Even open border advocates recognize the barrier nature of a country’s border, they just disagree on what to bar.  For example, admitting only foreigners free of contagious diseases (though many diseases are difficult to diagnose in the early stages) and only foreigners without a criminal record (which wouldn’t mean much if their country’s government is corrupt, and nothing at all if they hadn’t been caught), etc.  I’ve never heard of an open border advocate who argued for no restrictions whatsoever.  Unless Nicky is one.
------------------------------------
 
Corrections (to my first post regarding Prop. 187):  
In 1994 it passed three to two, not two to one.  The injunction was issued within days (three) not hours.  The injunction was issued by “a federal district court judge” of the “United States District Court” as many references say.  None of these corrections affects the point of the post.
------------------------------------
 

"How many" is the wrong question.

 

If you don’t elaborate I can only guess what you mean.  We’re not supposed to notice the beard?  
 
Pretend that Third World immigration hasn’t changed American demography and politics?  Pretend it hasn’t made harder turning America toward freedom?  Pretend it hasn’t further turned America toward socialism?
 
Or what?  Please tie any abstract pronouncements to their concrete results.  If the concrete result is evil, we can be sure the abstraction is wrong or inapplicable.
 
I doubt if Prop. 187 could pass in California today, and the reason involves asking: how many.
Edited by HandyHandle
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If you don’t elaborate I can only guess what you mean. We’re not supposed to notice the beard?

What's elaborate? "How many" is not relevant. If you want to keep people with beard out, say so in principle.

How about we resurrect the plan to resettle these troublesome negros in Liberia?

Pretend that Third World immigration hasn’t changed American demography and politics?  Pretend it hasn’t made harder turning America toward freedom?  Pretend it hasn’t further turned America toward socialism?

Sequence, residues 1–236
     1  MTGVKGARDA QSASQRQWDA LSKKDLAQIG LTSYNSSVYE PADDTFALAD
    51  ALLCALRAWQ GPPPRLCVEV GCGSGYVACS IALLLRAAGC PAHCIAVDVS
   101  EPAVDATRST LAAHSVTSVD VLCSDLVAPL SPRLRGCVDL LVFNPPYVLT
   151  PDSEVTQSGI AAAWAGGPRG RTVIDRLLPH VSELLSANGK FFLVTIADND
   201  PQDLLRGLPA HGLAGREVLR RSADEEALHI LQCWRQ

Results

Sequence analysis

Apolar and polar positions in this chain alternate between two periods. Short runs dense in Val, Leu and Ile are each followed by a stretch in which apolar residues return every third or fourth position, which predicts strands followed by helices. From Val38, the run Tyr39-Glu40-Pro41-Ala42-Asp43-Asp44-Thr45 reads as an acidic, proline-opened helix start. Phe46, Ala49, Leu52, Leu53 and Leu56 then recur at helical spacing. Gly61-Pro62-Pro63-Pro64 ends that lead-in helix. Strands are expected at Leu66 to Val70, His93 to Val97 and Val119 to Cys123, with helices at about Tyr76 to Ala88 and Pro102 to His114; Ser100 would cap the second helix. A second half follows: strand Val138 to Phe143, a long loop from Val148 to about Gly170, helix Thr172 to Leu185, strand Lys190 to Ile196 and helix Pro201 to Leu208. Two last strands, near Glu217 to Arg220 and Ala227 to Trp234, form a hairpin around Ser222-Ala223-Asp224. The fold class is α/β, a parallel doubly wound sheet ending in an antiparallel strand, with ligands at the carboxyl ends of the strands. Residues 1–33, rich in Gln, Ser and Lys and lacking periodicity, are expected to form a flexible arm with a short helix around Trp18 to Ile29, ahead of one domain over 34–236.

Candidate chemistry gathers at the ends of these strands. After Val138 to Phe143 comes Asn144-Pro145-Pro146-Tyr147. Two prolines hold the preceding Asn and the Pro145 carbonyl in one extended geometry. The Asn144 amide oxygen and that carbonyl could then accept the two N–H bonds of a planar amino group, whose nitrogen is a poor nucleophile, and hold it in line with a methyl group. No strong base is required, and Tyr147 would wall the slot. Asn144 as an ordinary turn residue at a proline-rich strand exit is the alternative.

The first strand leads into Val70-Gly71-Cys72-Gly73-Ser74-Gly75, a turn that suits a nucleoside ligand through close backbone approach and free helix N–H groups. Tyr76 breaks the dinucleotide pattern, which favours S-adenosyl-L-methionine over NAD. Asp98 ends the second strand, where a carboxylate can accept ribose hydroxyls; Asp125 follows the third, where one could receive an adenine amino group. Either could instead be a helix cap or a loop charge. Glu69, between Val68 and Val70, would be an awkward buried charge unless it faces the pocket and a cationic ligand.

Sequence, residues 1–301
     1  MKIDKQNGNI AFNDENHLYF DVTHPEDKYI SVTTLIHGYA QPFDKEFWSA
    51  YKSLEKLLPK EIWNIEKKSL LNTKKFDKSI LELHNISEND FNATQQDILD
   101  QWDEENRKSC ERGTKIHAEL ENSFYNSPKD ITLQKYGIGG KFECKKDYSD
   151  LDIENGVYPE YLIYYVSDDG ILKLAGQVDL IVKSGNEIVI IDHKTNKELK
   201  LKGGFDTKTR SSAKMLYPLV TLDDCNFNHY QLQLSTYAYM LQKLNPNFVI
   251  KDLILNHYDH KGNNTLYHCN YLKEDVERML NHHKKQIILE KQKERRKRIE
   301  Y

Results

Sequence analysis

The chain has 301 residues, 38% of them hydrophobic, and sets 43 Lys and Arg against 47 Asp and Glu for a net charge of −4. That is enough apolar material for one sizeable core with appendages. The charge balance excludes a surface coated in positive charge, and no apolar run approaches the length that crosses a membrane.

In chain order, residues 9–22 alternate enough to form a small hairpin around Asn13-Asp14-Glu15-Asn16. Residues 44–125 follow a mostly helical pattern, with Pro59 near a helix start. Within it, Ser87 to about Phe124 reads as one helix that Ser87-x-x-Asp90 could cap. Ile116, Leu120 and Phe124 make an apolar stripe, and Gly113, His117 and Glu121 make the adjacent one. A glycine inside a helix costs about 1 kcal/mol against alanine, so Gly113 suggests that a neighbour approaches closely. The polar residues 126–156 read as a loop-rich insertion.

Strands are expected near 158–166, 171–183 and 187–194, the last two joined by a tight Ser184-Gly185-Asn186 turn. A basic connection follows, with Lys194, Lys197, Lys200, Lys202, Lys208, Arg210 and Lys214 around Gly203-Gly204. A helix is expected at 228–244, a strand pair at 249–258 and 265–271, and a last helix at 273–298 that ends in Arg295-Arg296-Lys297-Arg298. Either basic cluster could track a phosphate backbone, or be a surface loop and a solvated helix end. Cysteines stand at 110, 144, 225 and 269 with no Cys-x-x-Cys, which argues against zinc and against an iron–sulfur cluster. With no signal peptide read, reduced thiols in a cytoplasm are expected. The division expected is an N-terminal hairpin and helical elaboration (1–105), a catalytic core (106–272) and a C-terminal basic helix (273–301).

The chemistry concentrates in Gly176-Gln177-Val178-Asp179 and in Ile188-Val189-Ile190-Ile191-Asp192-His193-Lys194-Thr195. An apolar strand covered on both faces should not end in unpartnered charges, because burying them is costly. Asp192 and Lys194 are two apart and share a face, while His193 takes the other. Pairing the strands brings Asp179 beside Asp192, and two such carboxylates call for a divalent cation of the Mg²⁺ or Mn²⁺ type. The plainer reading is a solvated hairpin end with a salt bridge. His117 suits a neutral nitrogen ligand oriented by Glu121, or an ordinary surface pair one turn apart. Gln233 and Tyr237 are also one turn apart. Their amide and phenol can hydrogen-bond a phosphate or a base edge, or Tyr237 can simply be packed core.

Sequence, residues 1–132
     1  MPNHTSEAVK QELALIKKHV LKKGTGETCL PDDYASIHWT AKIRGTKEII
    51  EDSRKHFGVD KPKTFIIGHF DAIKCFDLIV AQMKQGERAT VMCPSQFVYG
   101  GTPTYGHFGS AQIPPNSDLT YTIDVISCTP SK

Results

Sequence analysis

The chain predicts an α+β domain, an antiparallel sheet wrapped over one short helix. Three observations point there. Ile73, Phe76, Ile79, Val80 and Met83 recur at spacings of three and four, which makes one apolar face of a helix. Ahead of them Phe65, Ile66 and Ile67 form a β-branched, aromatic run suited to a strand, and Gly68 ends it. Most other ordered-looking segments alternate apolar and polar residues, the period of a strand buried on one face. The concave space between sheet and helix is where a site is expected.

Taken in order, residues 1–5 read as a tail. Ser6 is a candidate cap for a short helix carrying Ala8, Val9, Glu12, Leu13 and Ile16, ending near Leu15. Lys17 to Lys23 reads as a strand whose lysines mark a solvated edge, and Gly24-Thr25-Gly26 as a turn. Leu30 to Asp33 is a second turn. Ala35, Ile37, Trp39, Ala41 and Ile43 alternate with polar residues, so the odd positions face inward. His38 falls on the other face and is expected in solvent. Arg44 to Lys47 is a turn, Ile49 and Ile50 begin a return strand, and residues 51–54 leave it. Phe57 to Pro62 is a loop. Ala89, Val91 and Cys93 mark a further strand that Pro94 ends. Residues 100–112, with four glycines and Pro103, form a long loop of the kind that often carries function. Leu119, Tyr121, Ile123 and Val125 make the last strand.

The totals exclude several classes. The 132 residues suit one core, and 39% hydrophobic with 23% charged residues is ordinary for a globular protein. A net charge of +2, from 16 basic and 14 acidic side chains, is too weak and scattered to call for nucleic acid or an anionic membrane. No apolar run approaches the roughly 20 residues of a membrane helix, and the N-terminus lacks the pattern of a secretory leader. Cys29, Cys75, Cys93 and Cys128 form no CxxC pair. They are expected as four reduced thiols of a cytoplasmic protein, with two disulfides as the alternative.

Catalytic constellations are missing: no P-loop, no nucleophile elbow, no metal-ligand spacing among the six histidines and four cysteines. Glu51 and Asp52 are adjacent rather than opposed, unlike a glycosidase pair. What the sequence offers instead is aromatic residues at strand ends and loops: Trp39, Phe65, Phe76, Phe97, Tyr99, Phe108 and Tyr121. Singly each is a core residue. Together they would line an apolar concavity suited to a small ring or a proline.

It has not. Do you know what happened in the late 1800's with the Progressive movement? Have you any knowledge of the political thinking of FDr and his brain trust, that got us here in the first place? Do you have Caucasian friends who are at least second-generation immigrants?

Instead of banning mexicans who want to come here for a job, your logic would say we should ban college.

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Regarding the proposition that peaceful Mexicans don't have an inalienable right to freely move about and work in the US, based on statistics about that minority's crime rates and voting history:

There are other identifiable groups with both higher crime rates and more left leaning voting records than Mexican immigrants. Do members of such groups also not have the right you are seeking to deny Mexicans? If they do, what's the difference?

P.S. One example of such a group is African Americans. But there are many others, that include whites, Asians, etc.. I'm confident that I could even come up with a group that fits that description and includes you, if you tell me a few random things about yourself.

Nicky:

 

No, you’re trying to define “border” into meaninglessness.   An abstract line surrounding an area.

In fact you are using that very concept to define the group of people you wish to bar from the US: people born withing abstract lines that define the "Third World".